- 7.5.2018 — The Poetics of Swarms @ La Casa Naranja
- 10.11.2017 — Step by Step @ Metis (SF)
- 9.21.2016 — Forms @ Conference on Complex Systems (Amsterdam)
- 8.9.2016 — Form and Movement in Complex Systems @ PyLadies (SF)
- 6.4.2016 — On People, Cubes and Snacks @ AlterConf (SF)
The Poetics of Swarms
Swarm intelligence is the collective behavior of decentralized,
self-organized systems. The whole being other than the sum of its parts.
Many human traditions have described swarm intelligence, and while my
research is becoming more and more rooted in finding real-world
applications of swarm intelligence algorithms from the evolutionary
computing tradition, my heritage as an empath makes it
impossible for me not to be porous to the broader implications. This talk
is rooted in my ongoing work on SwarmOpt, an open source optimization tool,
and in my broader commitment to reconnecting with traditions of collective
ideation and collaboration. Together we will explore how thinking as and
with the collective creates the possbility for dynamic modes of problem solving.
Step by Step: When and How To Use Stochastic Optimization
You’ve got your model up and running, and now you’d like to tune your
hyperparameters. If you’ve gotten to this point in the process, it means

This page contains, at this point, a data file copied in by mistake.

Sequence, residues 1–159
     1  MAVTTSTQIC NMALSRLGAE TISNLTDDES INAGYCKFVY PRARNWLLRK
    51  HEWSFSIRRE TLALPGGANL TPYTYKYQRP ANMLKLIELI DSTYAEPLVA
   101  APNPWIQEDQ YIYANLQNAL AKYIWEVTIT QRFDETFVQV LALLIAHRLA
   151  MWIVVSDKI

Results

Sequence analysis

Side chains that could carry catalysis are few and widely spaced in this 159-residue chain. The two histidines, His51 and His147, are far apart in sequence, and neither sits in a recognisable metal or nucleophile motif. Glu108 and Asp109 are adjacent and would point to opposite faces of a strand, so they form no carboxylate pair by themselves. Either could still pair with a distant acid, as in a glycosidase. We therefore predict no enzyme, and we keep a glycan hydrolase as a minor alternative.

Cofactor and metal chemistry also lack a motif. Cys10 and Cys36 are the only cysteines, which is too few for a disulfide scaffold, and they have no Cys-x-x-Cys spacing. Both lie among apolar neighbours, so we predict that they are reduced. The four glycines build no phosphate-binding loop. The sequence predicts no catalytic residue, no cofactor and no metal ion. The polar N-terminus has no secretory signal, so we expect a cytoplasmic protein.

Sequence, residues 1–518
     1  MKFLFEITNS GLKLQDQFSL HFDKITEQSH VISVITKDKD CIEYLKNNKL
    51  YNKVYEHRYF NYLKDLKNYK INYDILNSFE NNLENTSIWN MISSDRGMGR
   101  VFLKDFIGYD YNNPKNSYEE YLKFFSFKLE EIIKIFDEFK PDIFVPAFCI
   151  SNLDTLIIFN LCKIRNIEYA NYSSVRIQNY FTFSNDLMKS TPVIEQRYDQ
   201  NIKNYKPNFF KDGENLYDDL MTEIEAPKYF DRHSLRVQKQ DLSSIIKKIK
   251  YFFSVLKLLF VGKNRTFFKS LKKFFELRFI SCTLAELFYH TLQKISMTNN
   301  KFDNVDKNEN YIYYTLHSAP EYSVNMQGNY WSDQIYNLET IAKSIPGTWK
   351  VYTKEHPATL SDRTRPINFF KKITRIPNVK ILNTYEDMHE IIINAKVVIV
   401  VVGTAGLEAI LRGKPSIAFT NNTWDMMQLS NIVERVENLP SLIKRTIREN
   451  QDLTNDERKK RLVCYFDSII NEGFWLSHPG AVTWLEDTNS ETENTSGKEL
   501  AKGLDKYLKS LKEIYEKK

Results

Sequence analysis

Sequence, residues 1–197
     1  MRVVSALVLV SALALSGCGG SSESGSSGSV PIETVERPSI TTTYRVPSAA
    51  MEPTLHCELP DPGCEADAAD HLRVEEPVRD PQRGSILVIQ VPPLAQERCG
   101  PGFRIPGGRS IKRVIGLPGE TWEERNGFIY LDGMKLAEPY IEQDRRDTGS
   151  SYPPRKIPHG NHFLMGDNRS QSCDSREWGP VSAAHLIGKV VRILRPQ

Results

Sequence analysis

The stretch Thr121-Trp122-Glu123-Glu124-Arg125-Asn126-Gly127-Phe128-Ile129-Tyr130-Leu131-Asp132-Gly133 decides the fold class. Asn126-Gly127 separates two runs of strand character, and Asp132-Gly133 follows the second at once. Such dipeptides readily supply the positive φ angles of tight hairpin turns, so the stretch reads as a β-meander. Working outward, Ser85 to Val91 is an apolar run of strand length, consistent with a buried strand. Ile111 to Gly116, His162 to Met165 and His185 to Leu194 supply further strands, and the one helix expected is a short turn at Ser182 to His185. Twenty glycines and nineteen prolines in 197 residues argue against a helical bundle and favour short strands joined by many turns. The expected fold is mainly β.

you’ve successfully cleaned your data, engineered your features, coded
up your model, identified your objective function, and are now looking
to optimize. You could cancel your evening plans to manually explore all
hyperparameter combinations, or programmatically iterate through them
with something like grid search, but you want to try something else.
Something that will produce impressive results in a fraction of the
time. Enter stochastic optimization.
This presentation will build on what you already know about parameter
optimization to dive deeper into the world of stochastic optimization.
In particular, we’ll explore stochastic gradient descent, simulated
annealing, and particle swarm optimization - cultivating intuition on
how these algorithms work, when they can be applied, what their
underlying topologies look like, and how you can get the best
performance out of them. If possible, bring models you’re working, so
you can relate the content directly to what you’re building. I’ll be
available afterwards (and by e-mail) to ensure you have what you need to
implement the optimizers we discuss. Code examples will be presented in
Python, but I’ll also provide libraries and resources in R.